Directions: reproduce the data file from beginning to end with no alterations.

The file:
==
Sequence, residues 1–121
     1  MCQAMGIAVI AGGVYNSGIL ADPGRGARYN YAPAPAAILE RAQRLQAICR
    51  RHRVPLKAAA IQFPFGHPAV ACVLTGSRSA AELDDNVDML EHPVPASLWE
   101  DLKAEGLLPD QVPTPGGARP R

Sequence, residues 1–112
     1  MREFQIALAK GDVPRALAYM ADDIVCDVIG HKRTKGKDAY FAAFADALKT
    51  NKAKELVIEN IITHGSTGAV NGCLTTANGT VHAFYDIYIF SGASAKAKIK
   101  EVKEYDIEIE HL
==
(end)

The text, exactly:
Sequence, residues 1–121
     1  MCQAMGIAVI AGGVYNSGIL ADPGRGARYN YAPAPAAILE RAQRLQAICR
    51  RHRVPLKAAA IQFPFGHPAV ACVLTGSRSA AELDDNVDML EHPVPASLWE
   101  DLKAEGLLPD QVPTPGGARP R

Sequence, residues 1–112
     1  MREFQIALAK GDVPRALAYM ADDIVCDVIG HKRTKGKDAY FAAFADALKT
    51  NKAKELVIEN IITHGSTGAV NGCLTTANGT VHAFYDIYIF SGASAKAKIK
   101  EVKEYDIEIE HL